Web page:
W3C home > Mailing lists > Public > public-semweb-lifesci@w3.org > August 2007

Re: Does follow-your-nose apply in the enterprise? was: RDF for molecules, using InChI

From: Eric Jain <Eric.Jain@isb-sib.ch>
Date: Tue, 21 Aug 2007 18:11:34 +0200
Message-ID: <46CB0EB6.6000407@isb-sib.ch>
To: Bijan Parsia <bparsia@cs.man.ac.uk>
CC: "Booth, David (HP Software - Boston)" <dbooth@hp.com>, ogbujic@ccf.org, public-semweb-lifesci hcls <public-semweb-lifesci@w3.org>

Bijan Parsia wrote:
> I suspect there's a difference in kind. E.g., "your website is down" is 
> really quite different than "You don't use HTTP uris."

 From the point of view of someone who wants to resolve a URI, both cases 
equal "it doesn't work", don't think it matters much what the excuse is.

With an HTTP URI, at least you'll then know that you'll most likely not be 
able to resolve the URI (either because the domain name doesn't even exist, 
or if it does you might get a helpful error message), no need to spend an 
afternoon researching some new scheme, only to discover later on after 
setting everything up that it still doesn't work (e.g. UniProt LSIDs...)

> I'd be interested in the sort of complaints. Having a recommendation for 
> http uris will definitely up the number of "please use http uri" 
> complaints.

Surprisingly, most of the complaints come from people who are either 
building or using some generic semantic web tools, rather than from W3C 
vigilantes :-) The more popular such tools get, the more complaints you can 
expect, regardless of any recommendations. (Though if the recommendations 
have any impact, the motivation to write such tools may increase...)

> I identified 3 problems, and this is only one. However, DNS doesn't even 
> do that *if I reuse your URIs*, or if I reuse your URI space (which you 
> may want me to do). E.g., I say
>     http://ex.org/#Bijan a Philosopher.
> and you say
>     http://ex.org/#Bijan a PerfumeMaker.

That's not accidental reuse as cold happen with e.g. urn:bm:ipi:12 where 
someone who has never heard of Banff might end up with the same identifier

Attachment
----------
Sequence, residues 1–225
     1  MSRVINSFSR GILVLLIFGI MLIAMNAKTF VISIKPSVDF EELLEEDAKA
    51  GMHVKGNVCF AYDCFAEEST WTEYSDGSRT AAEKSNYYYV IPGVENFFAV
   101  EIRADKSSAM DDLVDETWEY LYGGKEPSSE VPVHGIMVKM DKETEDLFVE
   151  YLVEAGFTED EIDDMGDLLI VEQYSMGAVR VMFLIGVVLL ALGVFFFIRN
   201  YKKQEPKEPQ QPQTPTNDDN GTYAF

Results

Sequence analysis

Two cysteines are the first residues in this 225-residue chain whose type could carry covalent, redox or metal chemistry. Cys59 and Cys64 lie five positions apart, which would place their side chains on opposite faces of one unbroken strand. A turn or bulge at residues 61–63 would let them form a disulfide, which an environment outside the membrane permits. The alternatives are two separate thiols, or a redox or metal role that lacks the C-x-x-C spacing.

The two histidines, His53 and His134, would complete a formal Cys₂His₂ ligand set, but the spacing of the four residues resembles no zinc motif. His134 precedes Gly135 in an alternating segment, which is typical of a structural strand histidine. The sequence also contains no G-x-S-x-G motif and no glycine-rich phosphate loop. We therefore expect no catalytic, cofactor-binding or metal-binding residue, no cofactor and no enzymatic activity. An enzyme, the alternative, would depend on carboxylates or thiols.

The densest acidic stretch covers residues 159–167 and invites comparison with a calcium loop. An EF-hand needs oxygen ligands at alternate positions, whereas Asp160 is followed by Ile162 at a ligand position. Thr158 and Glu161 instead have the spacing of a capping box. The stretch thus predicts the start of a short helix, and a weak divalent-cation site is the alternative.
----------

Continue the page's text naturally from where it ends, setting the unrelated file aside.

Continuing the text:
for something completely unrelated (e.g. hotels in the Bahamas).

If there are conflicting statements about http://ex.org/#Bijan, at least 
it's clear who is the authority (the owner of the domain ex.org), so no one 
can hijack your precious URIs. (Of course someone may still prefer to trust 
the third-party statements more if they trust that third-party more.)

> Well, people overload google search terms all the time. Because google 
> search terms are natural language. And those search terms work really 
> well in a lot of cases. So I don't understand your point.

They may work well for many cases, but it does not work so well in other 
cases -- if it did, no need to bother with most of this semantic web stuff! 
There seem to be several companies working on better term disambiguation 
(potential Google-killer), but so far I'd say the results aren't great, see 
<http://eric.jain.name/2007/01/22/clustering-kiwis/> for an example :-)

> Is there a list I can see of what you have in mind? I mean, that are 
> being used now by people interesting in life science terminology. Even a 
> few examples would help me out here.

Here are two typical applications that I know people have been playing with 
(and that don't work quite as well if URI's are non-HTTP or unresolvable):

   1. Piggy Bank <http://simile.mit.edu/wiki/Piggy_Bank>, a semantic web 
browser and data collection tool.

   2. Swoogle <http://swoogle.umbc.edu/>, a semantic web crawler.

> Isn't this what's in dispute? In any case, doesn't PURLing sorta kill 
> the DNS argument? I'm so confused and I fear for the kittens!

I think you're mixing up the HCLS PURL resolver, which was set up to 
provide identifiers for resources that do not have their own proper URLs 
(yet, or anytime soon), with the general idea of using HTTP URIs (which may 
or may not deserve the label "PURL")!

> This is one of those things that one needs to make a decision on if one 
> is going to use HTTP uris. It seems mean to recommend people use HTTP 
> uris and punt on this crucial point.

I don't quite see the "crucial", but agree that some guidelines when you 
want to use either approach (if there are arguments for both) would help.

> Yep. So if the benefit is *non-obvious* or otherwise diffuse, it's not 
> going to be a great selling point.

Let's just forward this to the marketing department :-)
Received on Tuesday, 21 August 2007 16:12:30 UTC

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